Tuesday, May 20, 2014

1997 New Pinnacle: Why? Because. That's Why.

Is this a good Griffey card?  Yes.  The first and last Griffey base card of New Pinnacle and an attractive card #1.

The set: Something drastic happened at the Pinnacle offices in early 1997, and the specifics remain a mystery to this day.  I can only guess at the circumstances, but I would love to have been a fly on the wall the day the idea for this set was conceived.

I’ve mentioned before (a few times) that in 1997 Pinnacle cancelled the release of their flagship set’s Series 2 and instead created this “New Pinnacle” job.  What on Earth could have caused such an upheaval?  Soft sales?  The ugly factor?  Was there some aspect of the design that caused a legal or copyright problem?  Was it too similar to something else that could result in Pinnacle getting sued or ordered to cease and desist?

Barring that last thing it would seem to me that it’s less trouble to press on with the ugly design and start fresh next year, but they didn’t.  Why?  Unappealing as the base design was, it’s not like it was offensive; and the parallels and inserts were top-notch.  Again, why, Pinnacle?  Someone out there knows what happened, and they’re not talking.

Anyhoo, Pinnacle dropped the bottom-mounted border and reliance on gold foil of the previous two years (and one current one), opting instead for a simple but bold nameplate and a true full-bleed layout.  There is holofoil on every base card now embedded in the little banner behind the player surname which is in team color with an attractive foil border.  The team name appears tastefully at the top beside the Pinnacle logo.

In all New Pinnacle is not a bad-looking set, but it’s also not enough of an improvement to merit cancelling a series.

Two more facts about this brand before we delve into the Griffeys: First, New Pinnacle is a one-and-done brand, so this post comprises its entire design timeline.  Second, one aspect of New Pinnacle that has stuck around to this day is the inclusion of 1/1 printing plates in packs.  I don’t have any to show you, but we’ve all seen printing plates at this point, right?  They probably look like that.

1997 Pinnacle New Pinnacle #1

This is a rare shot of Junior on the base paths probably jumping back to first after a check throw from the pitcher.  The real appeal of this card is that it is framed perfectly around the picture with the horizontal strip of grass just the right size to accommodate the nameplate.  It’s also an excellent candid close-up.

Pinnacle did a pretty good job on the back, too, opting to include a large picture of Junior in mid-swing.  They cut down on stats, showing just the previous season, career bests, and career totals.  If you’re not going to show full career stats, these are the big three I want to see on a card back.  No need to re-invent the wheel just to fit a picture.  Zero complaints.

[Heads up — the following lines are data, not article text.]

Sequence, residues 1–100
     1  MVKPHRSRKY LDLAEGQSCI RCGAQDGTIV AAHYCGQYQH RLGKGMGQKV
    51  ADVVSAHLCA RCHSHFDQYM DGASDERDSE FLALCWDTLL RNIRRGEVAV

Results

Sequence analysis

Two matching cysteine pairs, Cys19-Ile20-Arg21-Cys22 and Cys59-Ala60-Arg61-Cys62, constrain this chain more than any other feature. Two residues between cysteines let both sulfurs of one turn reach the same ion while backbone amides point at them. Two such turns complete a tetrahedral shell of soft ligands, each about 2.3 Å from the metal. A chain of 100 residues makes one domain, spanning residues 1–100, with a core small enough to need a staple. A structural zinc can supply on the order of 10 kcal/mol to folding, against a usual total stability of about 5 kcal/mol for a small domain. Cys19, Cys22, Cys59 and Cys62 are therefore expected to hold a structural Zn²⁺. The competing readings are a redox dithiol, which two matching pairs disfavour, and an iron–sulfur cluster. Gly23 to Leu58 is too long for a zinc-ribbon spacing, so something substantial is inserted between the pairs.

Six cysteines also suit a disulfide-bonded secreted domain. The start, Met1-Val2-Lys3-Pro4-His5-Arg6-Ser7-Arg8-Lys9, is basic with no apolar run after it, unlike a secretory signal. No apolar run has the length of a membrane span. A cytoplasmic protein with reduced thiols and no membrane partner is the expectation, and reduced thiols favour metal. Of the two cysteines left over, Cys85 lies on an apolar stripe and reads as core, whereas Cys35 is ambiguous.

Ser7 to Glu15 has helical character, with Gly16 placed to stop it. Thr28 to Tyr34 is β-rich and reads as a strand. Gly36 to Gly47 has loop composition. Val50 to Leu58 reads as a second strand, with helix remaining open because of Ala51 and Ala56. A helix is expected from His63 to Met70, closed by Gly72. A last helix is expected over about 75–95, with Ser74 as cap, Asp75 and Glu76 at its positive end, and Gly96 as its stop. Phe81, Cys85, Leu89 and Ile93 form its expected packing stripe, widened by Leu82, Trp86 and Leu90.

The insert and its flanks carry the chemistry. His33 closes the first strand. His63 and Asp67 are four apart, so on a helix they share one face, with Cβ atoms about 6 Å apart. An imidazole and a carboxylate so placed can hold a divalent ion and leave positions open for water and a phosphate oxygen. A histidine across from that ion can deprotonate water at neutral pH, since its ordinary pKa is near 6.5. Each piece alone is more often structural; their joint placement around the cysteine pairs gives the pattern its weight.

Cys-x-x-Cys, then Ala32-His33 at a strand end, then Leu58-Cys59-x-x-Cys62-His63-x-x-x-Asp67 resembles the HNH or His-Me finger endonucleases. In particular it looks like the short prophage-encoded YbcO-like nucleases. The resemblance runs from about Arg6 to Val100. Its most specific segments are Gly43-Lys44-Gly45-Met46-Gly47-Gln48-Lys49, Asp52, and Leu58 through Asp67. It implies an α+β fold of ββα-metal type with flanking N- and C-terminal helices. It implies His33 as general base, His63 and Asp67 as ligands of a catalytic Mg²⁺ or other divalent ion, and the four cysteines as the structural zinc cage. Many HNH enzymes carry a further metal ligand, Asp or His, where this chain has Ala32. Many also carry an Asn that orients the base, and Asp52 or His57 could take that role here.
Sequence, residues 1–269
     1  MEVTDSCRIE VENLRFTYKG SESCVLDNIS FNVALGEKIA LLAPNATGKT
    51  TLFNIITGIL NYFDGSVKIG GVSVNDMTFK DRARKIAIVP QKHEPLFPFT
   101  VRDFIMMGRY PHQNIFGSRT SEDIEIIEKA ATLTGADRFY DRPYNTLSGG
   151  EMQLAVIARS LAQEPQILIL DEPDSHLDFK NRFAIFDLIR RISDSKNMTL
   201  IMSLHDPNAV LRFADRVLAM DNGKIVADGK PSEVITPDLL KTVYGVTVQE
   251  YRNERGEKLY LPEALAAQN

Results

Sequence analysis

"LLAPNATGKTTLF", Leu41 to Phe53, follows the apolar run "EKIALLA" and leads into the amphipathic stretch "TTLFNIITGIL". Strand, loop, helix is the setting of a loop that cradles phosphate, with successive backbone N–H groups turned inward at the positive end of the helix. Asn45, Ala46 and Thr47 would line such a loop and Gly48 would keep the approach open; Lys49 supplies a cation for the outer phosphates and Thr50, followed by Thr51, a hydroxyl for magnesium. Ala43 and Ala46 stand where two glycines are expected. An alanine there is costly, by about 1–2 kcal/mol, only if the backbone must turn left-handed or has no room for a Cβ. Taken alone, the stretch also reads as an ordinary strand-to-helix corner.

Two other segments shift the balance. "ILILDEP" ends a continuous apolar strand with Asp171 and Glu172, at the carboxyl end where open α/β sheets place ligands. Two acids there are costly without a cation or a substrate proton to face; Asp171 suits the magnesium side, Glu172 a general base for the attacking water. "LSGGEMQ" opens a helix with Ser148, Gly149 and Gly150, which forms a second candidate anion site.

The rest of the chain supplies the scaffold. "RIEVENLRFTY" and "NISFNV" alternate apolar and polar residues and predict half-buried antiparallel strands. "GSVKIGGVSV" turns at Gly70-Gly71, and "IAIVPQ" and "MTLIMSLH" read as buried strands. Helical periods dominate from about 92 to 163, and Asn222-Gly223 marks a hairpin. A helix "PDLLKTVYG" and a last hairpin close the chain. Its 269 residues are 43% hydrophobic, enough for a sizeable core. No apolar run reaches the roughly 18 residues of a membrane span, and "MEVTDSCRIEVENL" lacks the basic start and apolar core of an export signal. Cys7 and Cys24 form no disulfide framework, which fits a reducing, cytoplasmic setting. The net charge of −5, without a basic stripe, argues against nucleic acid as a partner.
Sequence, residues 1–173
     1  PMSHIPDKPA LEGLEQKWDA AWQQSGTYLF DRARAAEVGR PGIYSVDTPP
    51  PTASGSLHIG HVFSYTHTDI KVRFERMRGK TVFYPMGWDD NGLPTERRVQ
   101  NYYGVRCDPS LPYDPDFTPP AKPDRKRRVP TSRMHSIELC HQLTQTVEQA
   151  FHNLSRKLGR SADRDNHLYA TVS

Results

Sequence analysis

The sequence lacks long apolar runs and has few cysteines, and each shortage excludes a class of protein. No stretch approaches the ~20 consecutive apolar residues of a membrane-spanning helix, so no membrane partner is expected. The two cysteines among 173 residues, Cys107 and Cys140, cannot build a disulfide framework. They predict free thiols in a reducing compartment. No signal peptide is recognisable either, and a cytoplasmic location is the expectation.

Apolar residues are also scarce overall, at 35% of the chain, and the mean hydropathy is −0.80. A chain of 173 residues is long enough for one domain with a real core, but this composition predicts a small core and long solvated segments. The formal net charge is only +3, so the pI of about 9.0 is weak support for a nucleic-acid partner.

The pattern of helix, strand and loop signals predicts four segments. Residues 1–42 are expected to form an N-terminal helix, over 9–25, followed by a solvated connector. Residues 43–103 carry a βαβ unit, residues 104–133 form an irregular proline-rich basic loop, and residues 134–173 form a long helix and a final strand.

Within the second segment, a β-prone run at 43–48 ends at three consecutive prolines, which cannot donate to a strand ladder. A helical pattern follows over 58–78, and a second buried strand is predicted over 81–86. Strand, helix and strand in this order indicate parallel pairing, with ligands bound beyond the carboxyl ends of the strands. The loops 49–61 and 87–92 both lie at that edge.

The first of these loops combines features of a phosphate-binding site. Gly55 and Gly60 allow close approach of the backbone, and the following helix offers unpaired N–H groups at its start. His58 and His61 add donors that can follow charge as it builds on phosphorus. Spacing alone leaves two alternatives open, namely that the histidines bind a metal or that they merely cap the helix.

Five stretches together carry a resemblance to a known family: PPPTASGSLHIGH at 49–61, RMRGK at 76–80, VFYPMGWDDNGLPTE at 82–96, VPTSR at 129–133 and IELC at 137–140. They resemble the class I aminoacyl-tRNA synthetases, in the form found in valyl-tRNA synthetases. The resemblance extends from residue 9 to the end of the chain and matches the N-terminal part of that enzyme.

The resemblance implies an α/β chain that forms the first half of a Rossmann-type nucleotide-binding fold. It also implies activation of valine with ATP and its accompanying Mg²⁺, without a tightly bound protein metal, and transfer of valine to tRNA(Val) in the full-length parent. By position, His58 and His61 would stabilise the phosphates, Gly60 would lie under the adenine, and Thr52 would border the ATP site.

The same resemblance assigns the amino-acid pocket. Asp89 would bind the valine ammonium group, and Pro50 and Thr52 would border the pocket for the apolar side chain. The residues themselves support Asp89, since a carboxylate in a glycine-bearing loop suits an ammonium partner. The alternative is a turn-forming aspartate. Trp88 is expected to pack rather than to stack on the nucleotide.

1997 Pinnacle New Pinnacle Spellbound #1KG-6KG

One of the big treats of the New Pinnacle brand in my opinion was the Spellbound insert.  It was enough of a hit that Pinnacle brought it back for their final flagship set in 1998.

This insert featured multiple cards for each player which spelled out each guy’s name.  Frank Thomas got FRANK, Cal Ripken got RIPKEN, and so on.  Griffey and Ivan Rodriguez are special because they each got nicknames in lieu of first or last names (I-Rod got PUDGE).

The letters are ringed in gold foil with a great spiraling effect in the background.  The photos appear inside each letter which is large and centered (this was not the case for the ‘98 design).  The card backs are free of frills: just a large picture with the insert name and the letter of the card indicated in yellow.

It took me months of looking to finally assemble this insert set at a reasonable price.  The most difficult card to find by far was the “J” which finally popped up on COMC just a few weeks ago for around three bucks.  I happened to be searching Griffeys at the exact right moment - it was the first “Recently Added” Griffey listed at the time I landed it.

Here are the Griffeys I am missing from 1997 New Pinnacle as of this post.

#1 Museum Collection
#1 Artist’s Proof Green
#1 Press Plates (any of the 8 total – 4 front and 4 back)
Keeping the Pace #4
Interleague Encounter #3 (w/ Tony Gwynn)

I’m not aware of any other brand that has ever taken a Mulligan on their flagship set.  It seems like an extreme move to this day.  They do it in the movies all the time such as with The Incredible Hulk, Spiderman, Batman, and most recently Godzilla.  They call it a reboot, but we all know it’s a do-over.  At least in those cases we can attribute the failure of the original to something specific like a bad choice in director, Spiderman 3, Batman & Robin, and Matthew Broderick.

So, what is the Matthew Broderick of 1997 Pinnacle?  The world may never know.

The post is over, but please enjoy these bonus high-res scans of the Spellbound set if you find it hard letting go:


  1. The Spellbounds are sweet. Never seen those. Congrats on the J.

  2. This set was always weird to me. It's hard to document too.

    1. Yes it is. When it came time to catalog these cards I wanted to be sure they remained with the Pinnacle cards. I ended up listing them as "1997 Pinnacle New Pinnacle." Still feel weird about it.

  3. J.J.,
    I couldn't see an email listed on your profile so thought I'd leave a message here-- I have a couple of items (ticket and program from Junior's final game) that I wanted to see if you're interested in trading for. You can contact me at cornellsteven5 at g mail dot com. Thanks
    Steve- the Chop Keeper / thecardchop

  4. Love those Spellbounds. Started the Frank Thomas set a while back. I'll wrap it up one of these days.